What Exactly Are We Doing, Here?

coughingThis past week, as many of you will recall, I struggled quite significantly during our time together on Sunday morning.  Not with a hidden sin or inner turmoil…no, my struggle was laid out there loud and clear for everyone to see.

Or, more aptly put, to hear.

Whatever little bug I caught the Friday before, I clearly was in no shape to be singing.  Let alone singing into a microphone for others to hear.

And thinking through the difficulty that I had this weekend, I couldn’t help but ask the question of myself: “What if my voice had totally given out?  What then?”

You see, we definitely weren’t prepared to have anyone else lead this Sunday.  Though there are many who are more than capable, less than 24 hours notice really isn’t fair at all.  How would they rehearse?  Would they know the songs?  Could they sing them in the same key?  And what if…?

The questions can drone on for what seems like an eternity.  But the underlying issue isn’t really that quite a few people had to suffer through listening to my frog-like voice for 30 minutes on Sunday, is it?  The issue is more about vocation.

In my mind, if you’ll humor me for a minute, I really see our worship team to be this:  a group of individuals who have decided that music has some sort of “other than” quality that ignites passion and re-orients affections and we want to share that with our brothers and sisters in Christ in a meaningful and worthwhile way.  Our job, then, is simply to sacrifice some of our time each week to make that happen.  That’s all.

The problem I see that often crops up in well-meaning groups (or individuals – I stand guilty, here) such as this is the unspoken necessity to keep pace with our own expectations.  So quickly, if we aren’t careful, we begin to see our gift to our brothers and sisters as some sort of irreplaceable entity.  As if God needs us in some way for there to be authentic worship.

I quickly realized I felt that way this Sunday.  Perhaps part of it was the fact that I’m “new on the job” still.  Perhaps part of it was pride.  Maybe self-indulgence.  Either way, the truth was I felt irreplaceable in a very bad way.  How could I honestly ask anyone to fill in at that point?  We surely couldn’t have our Sunday morning service without music, could we?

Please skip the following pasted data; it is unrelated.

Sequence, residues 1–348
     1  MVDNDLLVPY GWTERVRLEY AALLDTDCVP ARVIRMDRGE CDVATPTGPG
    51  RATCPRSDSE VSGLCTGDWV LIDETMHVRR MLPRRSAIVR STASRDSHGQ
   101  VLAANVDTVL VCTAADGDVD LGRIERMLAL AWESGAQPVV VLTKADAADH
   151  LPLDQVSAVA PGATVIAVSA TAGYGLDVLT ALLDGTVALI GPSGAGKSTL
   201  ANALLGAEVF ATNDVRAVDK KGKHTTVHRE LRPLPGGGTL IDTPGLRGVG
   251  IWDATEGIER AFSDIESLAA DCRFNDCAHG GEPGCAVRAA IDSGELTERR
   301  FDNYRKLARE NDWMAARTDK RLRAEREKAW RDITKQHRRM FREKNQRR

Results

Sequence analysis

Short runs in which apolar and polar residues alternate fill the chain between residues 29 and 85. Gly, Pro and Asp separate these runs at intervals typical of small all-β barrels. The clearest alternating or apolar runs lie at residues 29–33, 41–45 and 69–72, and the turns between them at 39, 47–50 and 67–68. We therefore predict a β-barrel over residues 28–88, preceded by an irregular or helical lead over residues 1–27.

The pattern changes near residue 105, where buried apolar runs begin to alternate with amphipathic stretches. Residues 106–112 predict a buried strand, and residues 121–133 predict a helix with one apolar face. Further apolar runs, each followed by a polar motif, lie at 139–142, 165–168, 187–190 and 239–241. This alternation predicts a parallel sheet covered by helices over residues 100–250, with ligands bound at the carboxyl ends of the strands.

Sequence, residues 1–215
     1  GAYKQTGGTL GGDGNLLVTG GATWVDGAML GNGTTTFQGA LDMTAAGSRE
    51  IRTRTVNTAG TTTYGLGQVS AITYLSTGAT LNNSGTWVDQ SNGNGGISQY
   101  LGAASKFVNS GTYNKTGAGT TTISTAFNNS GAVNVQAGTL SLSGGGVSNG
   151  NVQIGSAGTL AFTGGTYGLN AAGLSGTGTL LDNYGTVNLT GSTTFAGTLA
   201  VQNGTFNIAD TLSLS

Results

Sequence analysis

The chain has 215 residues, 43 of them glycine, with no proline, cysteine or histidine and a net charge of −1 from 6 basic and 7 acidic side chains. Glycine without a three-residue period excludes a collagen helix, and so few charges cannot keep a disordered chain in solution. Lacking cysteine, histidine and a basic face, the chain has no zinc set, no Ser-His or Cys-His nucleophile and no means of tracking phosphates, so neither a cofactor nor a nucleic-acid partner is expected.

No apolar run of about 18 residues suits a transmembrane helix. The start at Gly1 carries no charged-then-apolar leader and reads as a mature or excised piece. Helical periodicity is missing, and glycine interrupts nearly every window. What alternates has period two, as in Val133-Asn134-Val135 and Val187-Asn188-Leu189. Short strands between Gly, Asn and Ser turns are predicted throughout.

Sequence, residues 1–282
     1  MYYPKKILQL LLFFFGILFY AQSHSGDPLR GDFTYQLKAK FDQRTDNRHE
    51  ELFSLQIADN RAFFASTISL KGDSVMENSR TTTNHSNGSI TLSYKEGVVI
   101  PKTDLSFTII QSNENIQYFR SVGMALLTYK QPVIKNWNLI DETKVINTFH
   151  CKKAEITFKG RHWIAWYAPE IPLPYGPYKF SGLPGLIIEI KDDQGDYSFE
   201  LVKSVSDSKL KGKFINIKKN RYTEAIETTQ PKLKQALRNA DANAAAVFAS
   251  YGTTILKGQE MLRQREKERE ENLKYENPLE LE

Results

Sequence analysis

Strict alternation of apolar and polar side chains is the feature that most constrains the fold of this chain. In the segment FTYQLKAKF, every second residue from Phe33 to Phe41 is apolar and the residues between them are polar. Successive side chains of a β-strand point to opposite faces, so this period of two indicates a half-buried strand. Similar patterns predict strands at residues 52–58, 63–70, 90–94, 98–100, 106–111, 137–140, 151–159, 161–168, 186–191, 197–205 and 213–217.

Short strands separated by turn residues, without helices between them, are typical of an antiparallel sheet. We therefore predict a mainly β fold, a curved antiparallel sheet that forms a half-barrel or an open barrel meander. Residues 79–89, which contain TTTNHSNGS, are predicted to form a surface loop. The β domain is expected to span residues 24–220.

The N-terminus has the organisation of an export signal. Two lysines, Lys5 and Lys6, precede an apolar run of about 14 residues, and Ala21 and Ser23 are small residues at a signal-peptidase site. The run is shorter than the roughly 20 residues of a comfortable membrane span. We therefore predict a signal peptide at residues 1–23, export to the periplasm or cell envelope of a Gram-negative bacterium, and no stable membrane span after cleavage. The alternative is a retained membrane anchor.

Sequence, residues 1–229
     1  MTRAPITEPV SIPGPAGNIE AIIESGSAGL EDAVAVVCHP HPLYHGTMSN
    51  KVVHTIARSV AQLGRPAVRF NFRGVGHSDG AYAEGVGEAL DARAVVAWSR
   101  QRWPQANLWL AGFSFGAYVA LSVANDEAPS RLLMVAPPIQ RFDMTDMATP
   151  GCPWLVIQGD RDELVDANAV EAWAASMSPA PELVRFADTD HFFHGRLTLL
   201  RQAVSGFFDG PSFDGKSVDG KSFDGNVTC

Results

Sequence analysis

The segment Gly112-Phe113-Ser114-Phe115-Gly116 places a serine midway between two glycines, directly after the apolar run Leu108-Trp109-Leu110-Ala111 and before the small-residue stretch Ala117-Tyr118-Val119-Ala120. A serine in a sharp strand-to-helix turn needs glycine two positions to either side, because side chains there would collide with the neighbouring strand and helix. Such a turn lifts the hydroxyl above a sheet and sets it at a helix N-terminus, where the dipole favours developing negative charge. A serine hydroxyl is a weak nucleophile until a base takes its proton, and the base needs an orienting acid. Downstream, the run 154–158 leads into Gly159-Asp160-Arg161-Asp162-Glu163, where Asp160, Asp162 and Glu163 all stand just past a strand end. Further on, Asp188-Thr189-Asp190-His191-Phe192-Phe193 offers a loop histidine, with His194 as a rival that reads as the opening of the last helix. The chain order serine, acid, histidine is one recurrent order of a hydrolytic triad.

And though I know there are legitimate answers to those questions that most people would say are acceptable, I just couldn’t get my head around them.  I was too necessary for my own good.  And I know better.

If I’m honest, underneath all that, I really just desire that we keep our role and our gift very simple.  We are here to share this particular facet of worship and adoration of Jesus with our community.  I hope that we can be a group that can, with full honesty, approach God in such a way that if we hear Him say to be still, we would be still.  I hope that if He asked us to be silent for a month, we’d be faithful enough to concede.  But on the flip side of that same coin, I sincerely hope we would not remain quiet when He overwhelms us!

So, what are we doing, here?  Are we locked into some necessary wheel of performing and listening?  Are we caught up in our own necessity?  Or are we humbly looking at Jesus, accepting this is one of the gifts we can offer, and willingly accepting whatever it is He chooses to do with it?

Maybe I’m the only one who feels this way, but I suspect not.  I imagine, if we’re all honest with ourselves, we find a bit of that necessity creeping around in us.  It is my prayer that we learn to see it, resign ourselves to smash it, and humbly continue making music simply because we can’t help ourselves.

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